Every now and then, as humans, we do something that deserves “the walk of shame.”
I was recently sitting in my office, minding my own business, when all of a sudden, I started thinking about those instant Gefen Hot Soups. Thankfully, I had an unopened hot soup in my bag, and I decided to treat myself to a hearty snack. Of course, I added the freeze-dried vegetables to make the soup even healthier.
I filled up the hot soup with water. So far so good.
There was only one problem, though. I filled up the soup with cold water instead of hot water.
Houston, Dallas, wherever you might be, we officially have a problem! Everyone knows that you simply cannot fill up an instant hot soup with cold water. The noodles will not cook. This is physics 101. I officially had to take the walk of shame and spill it out.
This got me thinking: What in the world was I thinking when I filled up the instant hot soup with cold water? Perhaps, the answer is in the question: I wasn’t thinking. That was exactly the problem.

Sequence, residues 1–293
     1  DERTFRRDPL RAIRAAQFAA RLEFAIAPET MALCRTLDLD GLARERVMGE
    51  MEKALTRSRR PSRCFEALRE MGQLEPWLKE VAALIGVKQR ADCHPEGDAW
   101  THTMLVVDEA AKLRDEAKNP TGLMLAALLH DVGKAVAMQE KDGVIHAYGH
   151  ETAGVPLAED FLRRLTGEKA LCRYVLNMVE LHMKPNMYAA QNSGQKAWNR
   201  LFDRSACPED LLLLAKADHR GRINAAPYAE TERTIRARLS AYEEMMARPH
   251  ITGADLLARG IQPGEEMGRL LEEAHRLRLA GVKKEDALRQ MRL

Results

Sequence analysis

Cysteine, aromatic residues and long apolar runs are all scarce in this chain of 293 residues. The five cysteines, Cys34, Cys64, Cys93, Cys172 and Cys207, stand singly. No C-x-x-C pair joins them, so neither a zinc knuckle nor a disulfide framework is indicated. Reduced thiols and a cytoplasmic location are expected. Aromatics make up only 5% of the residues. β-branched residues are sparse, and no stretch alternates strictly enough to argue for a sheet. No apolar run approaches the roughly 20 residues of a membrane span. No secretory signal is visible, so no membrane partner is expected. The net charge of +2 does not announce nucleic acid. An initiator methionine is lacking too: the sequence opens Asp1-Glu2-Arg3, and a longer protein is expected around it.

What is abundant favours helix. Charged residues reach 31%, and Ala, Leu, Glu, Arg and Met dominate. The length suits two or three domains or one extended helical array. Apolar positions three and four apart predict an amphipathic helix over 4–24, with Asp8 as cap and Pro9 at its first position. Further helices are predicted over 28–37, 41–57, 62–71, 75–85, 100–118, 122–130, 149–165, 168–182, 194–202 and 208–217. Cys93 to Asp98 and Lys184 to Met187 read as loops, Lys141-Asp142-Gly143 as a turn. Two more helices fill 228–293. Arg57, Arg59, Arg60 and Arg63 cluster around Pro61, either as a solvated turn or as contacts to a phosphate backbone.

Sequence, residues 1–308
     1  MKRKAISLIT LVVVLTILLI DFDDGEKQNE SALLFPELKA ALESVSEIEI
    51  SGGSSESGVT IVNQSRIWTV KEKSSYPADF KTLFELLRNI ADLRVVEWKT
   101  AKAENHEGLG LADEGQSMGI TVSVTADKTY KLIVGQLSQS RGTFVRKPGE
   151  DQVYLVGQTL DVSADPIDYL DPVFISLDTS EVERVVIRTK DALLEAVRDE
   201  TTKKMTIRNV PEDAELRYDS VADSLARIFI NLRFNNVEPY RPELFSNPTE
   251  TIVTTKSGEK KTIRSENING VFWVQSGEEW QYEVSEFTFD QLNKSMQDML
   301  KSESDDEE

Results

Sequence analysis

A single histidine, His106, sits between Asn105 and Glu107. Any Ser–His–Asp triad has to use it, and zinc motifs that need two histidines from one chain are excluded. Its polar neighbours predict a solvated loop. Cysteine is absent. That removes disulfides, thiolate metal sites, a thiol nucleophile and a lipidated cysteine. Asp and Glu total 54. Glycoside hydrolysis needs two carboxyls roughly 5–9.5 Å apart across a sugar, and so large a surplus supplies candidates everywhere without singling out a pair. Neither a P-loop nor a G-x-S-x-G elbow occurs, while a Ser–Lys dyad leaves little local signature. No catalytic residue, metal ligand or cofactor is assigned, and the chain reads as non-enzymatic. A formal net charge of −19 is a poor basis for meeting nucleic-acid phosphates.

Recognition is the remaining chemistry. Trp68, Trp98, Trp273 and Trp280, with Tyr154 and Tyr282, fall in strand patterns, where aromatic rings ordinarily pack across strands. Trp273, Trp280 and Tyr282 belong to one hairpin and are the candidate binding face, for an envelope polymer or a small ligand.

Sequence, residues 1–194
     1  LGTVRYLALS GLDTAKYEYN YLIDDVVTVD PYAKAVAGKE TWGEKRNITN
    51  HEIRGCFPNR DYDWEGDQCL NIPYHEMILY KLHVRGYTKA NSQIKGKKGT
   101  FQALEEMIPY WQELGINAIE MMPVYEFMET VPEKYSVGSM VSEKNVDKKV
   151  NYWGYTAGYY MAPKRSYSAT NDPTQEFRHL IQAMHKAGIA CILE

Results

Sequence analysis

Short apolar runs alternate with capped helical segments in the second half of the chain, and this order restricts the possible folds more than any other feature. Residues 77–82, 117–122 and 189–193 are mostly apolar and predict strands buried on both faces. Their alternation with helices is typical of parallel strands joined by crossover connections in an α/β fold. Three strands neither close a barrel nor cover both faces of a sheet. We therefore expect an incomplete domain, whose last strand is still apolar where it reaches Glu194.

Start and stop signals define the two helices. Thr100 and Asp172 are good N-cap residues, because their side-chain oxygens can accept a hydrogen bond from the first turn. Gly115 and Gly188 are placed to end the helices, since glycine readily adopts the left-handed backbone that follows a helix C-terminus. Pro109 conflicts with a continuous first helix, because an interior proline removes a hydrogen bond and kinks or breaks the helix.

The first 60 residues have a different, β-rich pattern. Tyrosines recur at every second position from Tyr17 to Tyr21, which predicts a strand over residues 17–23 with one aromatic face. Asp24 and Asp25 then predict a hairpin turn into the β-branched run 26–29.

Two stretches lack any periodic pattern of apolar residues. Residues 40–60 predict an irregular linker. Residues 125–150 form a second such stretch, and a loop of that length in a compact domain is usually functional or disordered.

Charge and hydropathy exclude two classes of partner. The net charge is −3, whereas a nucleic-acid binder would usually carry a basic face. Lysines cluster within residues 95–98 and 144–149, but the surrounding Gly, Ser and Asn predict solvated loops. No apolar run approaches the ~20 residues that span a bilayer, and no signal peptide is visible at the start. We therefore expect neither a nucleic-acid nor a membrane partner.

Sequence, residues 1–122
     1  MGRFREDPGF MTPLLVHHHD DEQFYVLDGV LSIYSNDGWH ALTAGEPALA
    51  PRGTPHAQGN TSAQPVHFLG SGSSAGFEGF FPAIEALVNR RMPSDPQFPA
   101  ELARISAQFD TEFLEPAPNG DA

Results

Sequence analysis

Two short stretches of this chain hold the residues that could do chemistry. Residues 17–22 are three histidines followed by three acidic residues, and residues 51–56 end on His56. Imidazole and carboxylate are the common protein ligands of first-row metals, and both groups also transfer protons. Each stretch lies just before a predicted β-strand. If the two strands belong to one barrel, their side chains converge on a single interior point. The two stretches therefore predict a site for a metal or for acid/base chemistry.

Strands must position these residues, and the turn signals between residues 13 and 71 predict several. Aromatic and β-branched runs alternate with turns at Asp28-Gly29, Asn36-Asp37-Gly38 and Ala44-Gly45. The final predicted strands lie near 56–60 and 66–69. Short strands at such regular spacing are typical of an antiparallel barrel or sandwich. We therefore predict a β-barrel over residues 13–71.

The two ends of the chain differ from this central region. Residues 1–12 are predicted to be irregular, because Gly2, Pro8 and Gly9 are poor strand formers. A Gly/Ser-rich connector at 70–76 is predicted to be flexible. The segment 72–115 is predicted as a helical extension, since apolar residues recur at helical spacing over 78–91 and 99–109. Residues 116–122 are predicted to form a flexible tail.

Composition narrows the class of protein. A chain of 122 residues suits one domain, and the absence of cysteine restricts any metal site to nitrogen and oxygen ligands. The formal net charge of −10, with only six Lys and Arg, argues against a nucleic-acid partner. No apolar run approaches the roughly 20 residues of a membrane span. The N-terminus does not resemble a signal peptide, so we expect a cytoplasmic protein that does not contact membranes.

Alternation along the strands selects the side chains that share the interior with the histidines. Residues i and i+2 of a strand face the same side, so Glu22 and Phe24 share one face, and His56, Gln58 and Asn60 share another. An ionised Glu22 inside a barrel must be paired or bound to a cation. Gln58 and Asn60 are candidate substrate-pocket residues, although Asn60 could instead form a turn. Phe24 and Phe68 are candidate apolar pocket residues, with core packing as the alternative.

I recently came across a quote, “To think is easy. To act is difficult. To act as one thinks is the most difficult of all.”
This week’s Parshah discusses the Korban Olah, the offering that is completely burned atop the Altar. Our Sages tell us that the קרבן עולה atones for מחשבה and הרהורי הלב – bad thoughts (see Kli Yakar).
Just like the קרבן עולה is burned entirely and is dedicated for Hashem, so too, when it comes to our thoughts, we are meant to take a lesson from the קרבן עולה and channel our thoughts and minds towards Hashem.
The notion of channeling our thoughts to Hashem may sound complicated, confusing, and unrelatable. But let us not let the Yetzer Harah convince us of this. We all have a brain, and we can choose what thoughts we focus on and what thoughts we do not focus on. Each one of us is able to channel our thoughts to holy matters, we just have to believe that it is possible.
We are encouraged to be thinkers, but not just any thinkers, rather, holy thinkers. This will help us feel more fulfillment and joy in our day to day lives, and it will also help in uplifting all of our actions.
Have a holy Shabbos! Ori Strum